The aim of this study was to evaluate the psychometric properties of the Chilean version of the Fibromyalgia Survey Questionnaire (FSQ).
Women with fibromyalgia (FM; n = 214), women with rheumatoid arthritis (RA; n = 97), and women without chronic pain (attended at the gynecologist, G; n = 117) from the Red de Salud UC CHRISTUS (Santiago, Chile) participated. Women with FM completed the FSQ, Fibromyalgia Impact Questionnaire (Revised Version), Numerical Pain Rating Scale, Pain Catastrophizing Scale, Pain Vigilance and Awareness Questionnaire, Patient Health Questionnaire 15, and Short-Form Health Survey. Two weeks later, they completed the FSQ again by phone (n = 120).
The FSQ total scale showed excellent to good internal consistency at T1 (α = 0.91, ω = 0.91) and T2 (α = 0.78, ω = 0.78), and good test-retest reliability (intraclass correlation coefficient, 0.79; 95% confidence interval [CI], 0.72-0.85). It showed medium to large correlations with the other measures. Discriminant analysis between the FM group and the control group (RA and G) revealed that the FSQ total scale reached a classification accuracy of 81.3%. Receiver operating characteristic curve (adjusted area under the curve, 0.88; 95% CI, 0.85-0.92) showed that the best FSQ cutoff was 17, resulting in sensitivity of 89% (95% CI, 0.84-0.93) and specificity of 75% (95% CI, 0.69-0.80). Considering the FM diagnosis performed by a rheumatologist as the criterion standard, sensitivity and specificity of the modified 2010 American College of Rheumatology preliminary criteria for FM were 92.8% (95% CI, 0.88-0.96) and 63.4% (95% CI, 0.57-0.70), respectively.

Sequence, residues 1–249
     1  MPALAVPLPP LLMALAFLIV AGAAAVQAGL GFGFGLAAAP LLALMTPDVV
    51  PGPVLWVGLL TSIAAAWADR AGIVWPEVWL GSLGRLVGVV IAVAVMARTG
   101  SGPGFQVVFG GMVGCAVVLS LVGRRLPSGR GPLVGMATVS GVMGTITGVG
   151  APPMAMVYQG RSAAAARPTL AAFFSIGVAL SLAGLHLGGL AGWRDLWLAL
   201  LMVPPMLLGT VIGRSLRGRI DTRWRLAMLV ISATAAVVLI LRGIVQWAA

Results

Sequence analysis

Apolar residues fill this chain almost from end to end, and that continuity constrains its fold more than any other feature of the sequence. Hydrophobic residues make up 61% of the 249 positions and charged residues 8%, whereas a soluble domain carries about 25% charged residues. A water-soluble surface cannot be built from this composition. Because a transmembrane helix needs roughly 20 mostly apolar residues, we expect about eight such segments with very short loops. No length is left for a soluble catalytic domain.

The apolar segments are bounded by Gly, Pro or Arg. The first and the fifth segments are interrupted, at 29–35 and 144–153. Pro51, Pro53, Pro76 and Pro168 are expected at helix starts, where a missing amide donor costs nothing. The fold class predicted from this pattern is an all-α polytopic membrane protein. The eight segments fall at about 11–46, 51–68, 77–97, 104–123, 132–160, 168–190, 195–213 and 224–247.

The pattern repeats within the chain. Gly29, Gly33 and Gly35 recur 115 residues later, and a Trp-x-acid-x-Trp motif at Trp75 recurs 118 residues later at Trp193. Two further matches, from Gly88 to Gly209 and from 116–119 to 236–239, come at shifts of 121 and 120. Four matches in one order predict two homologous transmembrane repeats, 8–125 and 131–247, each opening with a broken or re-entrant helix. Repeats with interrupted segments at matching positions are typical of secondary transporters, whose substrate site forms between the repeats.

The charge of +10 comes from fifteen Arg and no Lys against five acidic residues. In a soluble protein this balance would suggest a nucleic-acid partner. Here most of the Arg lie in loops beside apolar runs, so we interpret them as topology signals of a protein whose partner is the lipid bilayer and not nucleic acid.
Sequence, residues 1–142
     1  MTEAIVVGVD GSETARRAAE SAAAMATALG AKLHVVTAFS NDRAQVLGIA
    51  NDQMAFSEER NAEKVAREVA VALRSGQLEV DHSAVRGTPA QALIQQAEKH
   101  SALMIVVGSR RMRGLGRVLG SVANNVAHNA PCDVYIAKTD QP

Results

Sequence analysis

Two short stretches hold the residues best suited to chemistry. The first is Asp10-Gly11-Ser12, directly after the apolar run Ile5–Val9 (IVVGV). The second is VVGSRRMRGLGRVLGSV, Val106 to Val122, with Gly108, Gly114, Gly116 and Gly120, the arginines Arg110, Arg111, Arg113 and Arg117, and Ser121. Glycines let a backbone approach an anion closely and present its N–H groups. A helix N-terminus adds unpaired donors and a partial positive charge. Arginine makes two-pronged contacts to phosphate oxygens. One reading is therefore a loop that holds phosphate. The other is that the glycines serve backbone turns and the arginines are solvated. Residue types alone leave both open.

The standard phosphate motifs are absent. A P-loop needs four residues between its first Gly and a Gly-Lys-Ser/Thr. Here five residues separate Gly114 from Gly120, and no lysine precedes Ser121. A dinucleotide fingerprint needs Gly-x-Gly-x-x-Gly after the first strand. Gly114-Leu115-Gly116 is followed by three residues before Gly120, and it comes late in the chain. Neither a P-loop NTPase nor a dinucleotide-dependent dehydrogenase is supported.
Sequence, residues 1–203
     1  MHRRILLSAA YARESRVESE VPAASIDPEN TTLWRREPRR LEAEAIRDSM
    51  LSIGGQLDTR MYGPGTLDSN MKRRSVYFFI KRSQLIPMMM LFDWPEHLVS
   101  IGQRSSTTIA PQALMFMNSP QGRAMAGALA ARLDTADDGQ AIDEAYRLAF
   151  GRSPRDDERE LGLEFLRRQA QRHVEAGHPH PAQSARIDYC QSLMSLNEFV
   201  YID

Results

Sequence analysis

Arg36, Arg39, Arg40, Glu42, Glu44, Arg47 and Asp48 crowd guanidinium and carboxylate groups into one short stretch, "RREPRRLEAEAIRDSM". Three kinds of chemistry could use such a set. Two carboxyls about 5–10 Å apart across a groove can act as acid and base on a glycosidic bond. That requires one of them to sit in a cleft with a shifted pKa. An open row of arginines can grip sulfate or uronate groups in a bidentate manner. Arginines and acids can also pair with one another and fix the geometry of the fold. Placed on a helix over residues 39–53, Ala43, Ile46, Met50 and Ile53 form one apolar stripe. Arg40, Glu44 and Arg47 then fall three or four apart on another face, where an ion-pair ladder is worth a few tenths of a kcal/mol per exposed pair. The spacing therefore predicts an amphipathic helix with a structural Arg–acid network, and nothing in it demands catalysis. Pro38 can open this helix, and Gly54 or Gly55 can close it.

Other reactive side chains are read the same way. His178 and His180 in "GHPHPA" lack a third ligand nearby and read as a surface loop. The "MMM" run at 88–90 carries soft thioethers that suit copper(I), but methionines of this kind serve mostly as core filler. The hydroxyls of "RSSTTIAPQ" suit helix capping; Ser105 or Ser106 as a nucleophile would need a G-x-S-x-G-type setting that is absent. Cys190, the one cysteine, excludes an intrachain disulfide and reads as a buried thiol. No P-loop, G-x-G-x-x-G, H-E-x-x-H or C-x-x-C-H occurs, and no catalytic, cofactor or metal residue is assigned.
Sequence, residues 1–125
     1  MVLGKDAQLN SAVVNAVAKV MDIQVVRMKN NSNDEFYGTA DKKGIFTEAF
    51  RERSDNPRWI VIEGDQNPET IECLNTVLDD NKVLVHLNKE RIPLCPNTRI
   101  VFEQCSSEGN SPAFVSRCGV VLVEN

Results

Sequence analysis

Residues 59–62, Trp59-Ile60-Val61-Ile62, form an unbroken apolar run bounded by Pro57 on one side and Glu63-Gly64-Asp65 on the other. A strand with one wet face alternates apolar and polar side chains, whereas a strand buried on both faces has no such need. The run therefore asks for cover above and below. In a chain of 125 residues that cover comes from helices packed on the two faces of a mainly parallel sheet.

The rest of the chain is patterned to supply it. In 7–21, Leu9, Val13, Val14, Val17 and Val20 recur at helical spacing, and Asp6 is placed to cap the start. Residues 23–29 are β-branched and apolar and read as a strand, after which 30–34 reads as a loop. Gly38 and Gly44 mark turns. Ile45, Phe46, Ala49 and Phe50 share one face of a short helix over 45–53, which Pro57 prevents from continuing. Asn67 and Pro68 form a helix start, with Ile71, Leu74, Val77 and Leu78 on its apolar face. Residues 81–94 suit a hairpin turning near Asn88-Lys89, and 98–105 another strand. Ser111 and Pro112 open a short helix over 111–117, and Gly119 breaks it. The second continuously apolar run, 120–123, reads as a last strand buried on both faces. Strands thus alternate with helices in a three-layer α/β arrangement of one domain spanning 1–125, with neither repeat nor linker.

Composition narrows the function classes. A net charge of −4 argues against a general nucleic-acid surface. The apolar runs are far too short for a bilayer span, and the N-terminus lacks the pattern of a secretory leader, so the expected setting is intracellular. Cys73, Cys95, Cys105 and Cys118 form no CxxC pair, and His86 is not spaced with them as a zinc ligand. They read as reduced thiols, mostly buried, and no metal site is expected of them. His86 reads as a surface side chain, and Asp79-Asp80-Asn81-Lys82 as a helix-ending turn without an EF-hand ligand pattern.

The Chilean version of the FSQ presents good psychometric properties and is a useful tool in clinical settings to assist in FM diagnosis and symptom assessment. A cutoff score of 17 or higher seems to be the most appropriate for Chilean population.

References

PubMed